How to Know If You Have Bed Bugs: The Signs to Look For

Bed bugs are sneaky little critters. But the worst part about an infestation is that you never really know about it until it’s too late and you need to exterminate, unless, of course, you know what to look for. Bed bugs are experts at hiding, burrowing, and breeding without you even knowing it. Even if your home is spick-n-span most days of the week, bed bug infestations can still happen. So, how to know if you have bed bugs? Here are the top signs to look for and how to recognize an adult culprit!


How to Know If You Have Bed Bugs: An Odd Smelling Odor

It sounds rather creepy, but like many insects, bed bugs give off certain pheromones. It’s these pheromones that you might be able to smell if you have an issue with bed bugs.

You’ll have to look out (or sniff out) an odor that is slightly sweet, yet musty. Some people compare the smell to coriander, while others compare it to the smell of raspberries.

However, you don’t want to rely on the musty-sweet odor of bed bugs before you identify an infestation. By the time you notice their smell, the infestation could be more advanced than you anticipated and you’ll need to call in an expert, such as

There are a few other signs to look out for in order to nip an infestation in the bud while you can…

2. Bites Across the Limbs

Very often this is one of the first and most obvious signs of bed bugs in your home. As mentioned, bed bugs are sneaky critters that only make an appearance at night to feed while you sleep.

If you or your children wake up with bites across the legs or arms — specifically near the ankles or wrists, this could be a sign of bed bugs. With this in mind, it’s crucial to be aware of the fact that bed bug bites don’t always occur in a pattern of threes or a straight line, for that matter.

This pattern is usually referred to as ”breakfast, lunch, and dinner”. But not all bed bugs feed this way. Some bed bugs may get a big enough meal on their first bite. Or, they may need to bite a second, third, or fourth time until they’re satisfied. This can cause an irregular pattern and number of bites.

Some people also react differently to bed bug bites in that they may not show an immediate reaction. While others could react in an allergic way where the bites are very inflamed and itchy.

Most of the time, a bed bug bite will appear as a small, round, flat, and itchy mark that is slightly red.

3. Rust-Colored Bed Sheet Stains

Bed bugs may be minute, but they are still susceptible to injury, and rarely do all bed bugs escape back to their burrowing spots unharmed. This is another sign of bed bugs — if you wake up with rust-colored stains on your sheets, you could have very well crushed a bed bug or two in your sleep.

The stain may also look a bit like human blood. So check yourself for scabs etc. and make sure it wasn’t you who could have stained your sheet during the night. If there’s no other explanation for the stains, you want to do a thorough check for bed bugs!

4. Fecal Marks Across Your Sheets or Mattress

You also want to look for bed bug fecal matter that could appear on your sheets, but also your mattress or a mattress protector. Bed bugs feed exclusively on blood — this means that their fecal matter appears in a very obvious way.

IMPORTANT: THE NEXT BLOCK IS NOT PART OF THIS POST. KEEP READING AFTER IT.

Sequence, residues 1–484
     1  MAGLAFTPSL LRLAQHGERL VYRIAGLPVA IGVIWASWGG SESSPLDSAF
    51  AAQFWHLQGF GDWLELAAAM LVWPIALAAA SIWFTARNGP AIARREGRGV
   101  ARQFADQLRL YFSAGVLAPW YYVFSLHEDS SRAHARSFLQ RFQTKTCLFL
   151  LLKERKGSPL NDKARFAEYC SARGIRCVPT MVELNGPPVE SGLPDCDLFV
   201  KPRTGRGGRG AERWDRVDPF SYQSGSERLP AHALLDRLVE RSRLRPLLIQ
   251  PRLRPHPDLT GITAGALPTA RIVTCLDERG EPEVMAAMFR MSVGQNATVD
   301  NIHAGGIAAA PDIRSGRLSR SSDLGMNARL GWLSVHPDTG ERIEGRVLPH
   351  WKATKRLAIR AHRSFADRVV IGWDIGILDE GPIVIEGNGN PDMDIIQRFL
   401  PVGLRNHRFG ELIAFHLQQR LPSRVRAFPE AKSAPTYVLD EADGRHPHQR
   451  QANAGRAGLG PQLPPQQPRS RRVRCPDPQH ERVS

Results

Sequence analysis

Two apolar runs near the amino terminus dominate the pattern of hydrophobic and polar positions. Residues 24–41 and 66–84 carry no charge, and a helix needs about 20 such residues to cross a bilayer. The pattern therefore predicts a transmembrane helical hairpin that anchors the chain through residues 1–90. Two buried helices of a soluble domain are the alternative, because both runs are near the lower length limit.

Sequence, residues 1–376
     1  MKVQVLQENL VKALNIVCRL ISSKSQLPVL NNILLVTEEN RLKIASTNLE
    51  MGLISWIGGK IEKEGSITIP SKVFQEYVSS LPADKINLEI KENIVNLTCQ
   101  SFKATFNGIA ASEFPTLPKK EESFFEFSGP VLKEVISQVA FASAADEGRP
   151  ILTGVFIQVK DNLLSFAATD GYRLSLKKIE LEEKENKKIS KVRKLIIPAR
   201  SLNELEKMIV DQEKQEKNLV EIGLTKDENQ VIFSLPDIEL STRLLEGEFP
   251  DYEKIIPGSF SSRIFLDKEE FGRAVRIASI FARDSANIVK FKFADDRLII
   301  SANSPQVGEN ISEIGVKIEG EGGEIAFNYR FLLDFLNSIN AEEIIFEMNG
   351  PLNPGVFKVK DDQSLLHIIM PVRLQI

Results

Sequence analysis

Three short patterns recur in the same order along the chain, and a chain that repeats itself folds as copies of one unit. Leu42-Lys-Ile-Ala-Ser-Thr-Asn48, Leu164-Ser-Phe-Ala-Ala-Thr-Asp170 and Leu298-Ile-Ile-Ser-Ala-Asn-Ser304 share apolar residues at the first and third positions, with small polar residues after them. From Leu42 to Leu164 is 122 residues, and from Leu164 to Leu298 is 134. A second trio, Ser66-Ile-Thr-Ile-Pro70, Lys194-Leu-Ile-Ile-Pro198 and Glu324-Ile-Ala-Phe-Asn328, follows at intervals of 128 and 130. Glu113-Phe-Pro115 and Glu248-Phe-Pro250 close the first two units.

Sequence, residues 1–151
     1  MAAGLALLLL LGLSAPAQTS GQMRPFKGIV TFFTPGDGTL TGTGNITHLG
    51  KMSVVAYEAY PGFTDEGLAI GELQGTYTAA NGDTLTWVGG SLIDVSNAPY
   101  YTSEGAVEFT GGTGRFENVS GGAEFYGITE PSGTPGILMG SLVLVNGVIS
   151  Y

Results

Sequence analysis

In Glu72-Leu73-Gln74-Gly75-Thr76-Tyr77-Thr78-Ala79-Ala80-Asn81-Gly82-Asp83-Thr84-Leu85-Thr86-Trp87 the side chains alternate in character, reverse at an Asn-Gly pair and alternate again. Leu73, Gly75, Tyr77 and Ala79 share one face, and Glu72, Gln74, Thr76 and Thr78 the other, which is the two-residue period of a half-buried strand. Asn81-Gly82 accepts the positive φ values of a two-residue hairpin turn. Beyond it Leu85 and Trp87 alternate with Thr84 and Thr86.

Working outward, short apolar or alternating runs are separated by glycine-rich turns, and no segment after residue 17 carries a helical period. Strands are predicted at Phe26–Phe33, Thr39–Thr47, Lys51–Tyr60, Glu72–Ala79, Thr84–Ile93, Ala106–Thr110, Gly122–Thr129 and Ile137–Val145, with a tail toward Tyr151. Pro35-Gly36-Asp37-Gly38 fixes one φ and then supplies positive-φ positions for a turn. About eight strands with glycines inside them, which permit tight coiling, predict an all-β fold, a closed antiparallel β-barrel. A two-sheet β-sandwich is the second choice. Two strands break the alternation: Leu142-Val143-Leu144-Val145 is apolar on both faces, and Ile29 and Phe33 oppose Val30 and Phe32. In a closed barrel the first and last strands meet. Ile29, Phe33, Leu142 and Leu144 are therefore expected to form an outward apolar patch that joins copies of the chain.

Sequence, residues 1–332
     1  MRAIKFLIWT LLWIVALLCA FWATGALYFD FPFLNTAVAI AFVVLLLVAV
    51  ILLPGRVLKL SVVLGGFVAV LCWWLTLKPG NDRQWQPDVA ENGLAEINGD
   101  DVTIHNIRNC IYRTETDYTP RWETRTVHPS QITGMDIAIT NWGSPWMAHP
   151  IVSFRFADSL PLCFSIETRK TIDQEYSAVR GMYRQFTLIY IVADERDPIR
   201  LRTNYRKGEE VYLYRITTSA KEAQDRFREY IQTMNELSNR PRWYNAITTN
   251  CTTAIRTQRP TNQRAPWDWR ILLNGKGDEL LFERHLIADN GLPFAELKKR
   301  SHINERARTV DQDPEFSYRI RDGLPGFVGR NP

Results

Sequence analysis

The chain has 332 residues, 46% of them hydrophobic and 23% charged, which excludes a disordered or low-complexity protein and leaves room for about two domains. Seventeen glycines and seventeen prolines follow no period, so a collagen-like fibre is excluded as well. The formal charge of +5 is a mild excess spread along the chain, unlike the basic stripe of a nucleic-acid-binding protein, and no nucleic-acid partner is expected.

Look for small, dark blotches that are a little bigger than a period mark at the end of a sentence. These marks may also look like magic marker stains that have been smeared across your sheets or mattress.

5. Bed Bug Eggs

No one wants to lift up their mattress and find a collection of beg bug eggs — but if you’re looking for beg bugs, there’s a very real reality that this is what you could find.

Pregnant female bed bugs lay up to 7 eggs per day. They are pretty small though at 1mm in length and are pearl white in color with an oval shape. If the eggs have a black spot in the middle, this means they are already more than 5 days old.

You can generally find bed bug eggs in the crevices of your mattress, along the edge of your bed frame, in the folds of your duvet cover, etc. And bear in mind that pregnant females tend to wander and lay their eggs in different spots. So, if you find eggs, you want to check the other beds in your home too!

6. Bed Bug Skin Castings

Also known as shell castings, bed bugs tend to shed their outer-most layer as they move through their 5 different life cycle stages, until they reach adulthood. Before they move on to each new stage, they feed, then shed an exoskeleton.

You want to look for hollow, translucent skin or shell-like castings on the underside of your mattress. They may be easier to find than the actual bed bugs themselves.

How to Identify an Adult Bed Bug

It’s easy to mix up a bed bug with any other small critter that might make its way into your home. In order to properly identify bed bugs, you need to know what to look for:

  • Bed bugs cannot fly and only have small, vestigial front wings
  • Look for a wide abdomen and a narrow head/thorax
  • Bed bugs are flat and brown/rust-colored. However, the nymphs are pale in color
  • They have 6 legs and 2 antennae

When looking for bed bugs throughout your home, there is no room that’s off-limits. Yes, they most commonly live and breed in the bedroom, but you also want to look at other items of furniture. They tend to hide and burrow in small cracks and crevices. So check your furniture, cushions, seams, curtain folds, baseboards, and bed frames.

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So, how to know if you have bed bugs? Look for the more obvious signs such as bed bug bites or stains on your sheets, and don’t put off calling in an extermination expert in order to take care of the problem before the infestation becomes dire!

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